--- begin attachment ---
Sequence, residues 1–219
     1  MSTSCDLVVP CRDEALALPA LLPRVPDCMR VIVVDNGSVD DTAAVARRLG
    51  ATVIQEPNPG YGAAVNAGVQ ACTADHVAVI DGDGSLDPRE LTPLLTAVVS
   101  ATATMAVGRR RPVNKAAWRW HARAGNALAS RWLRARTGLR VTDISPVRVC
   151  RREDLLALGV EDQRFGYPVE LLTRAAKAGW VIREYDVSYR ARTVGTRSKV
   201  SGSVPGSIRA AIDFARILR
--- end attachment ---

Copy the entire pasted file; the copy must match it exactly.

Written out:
Sequence, residues 1–219
     1  MSTSCDLVVP CRDEALALPA LLPRVPDCMR VIVVDNGSVD DTAAVARRLG
    51  ATVIQEPNPG YGAAVNAGVQ ACTADHVAVI DGDGSLDPRE LTPLLTAVVS
   101  ATATMAVGRR RPVNKAAWRW HARAGNALAS RWLRARTGLR VTDISPVRVC
   151  RREDLLALGV EDQRFGYPVE LLTRAAKAGW VIREYDVSYR ARTVGTRSKV
   201  SGSVPGSIRA AIDFARILR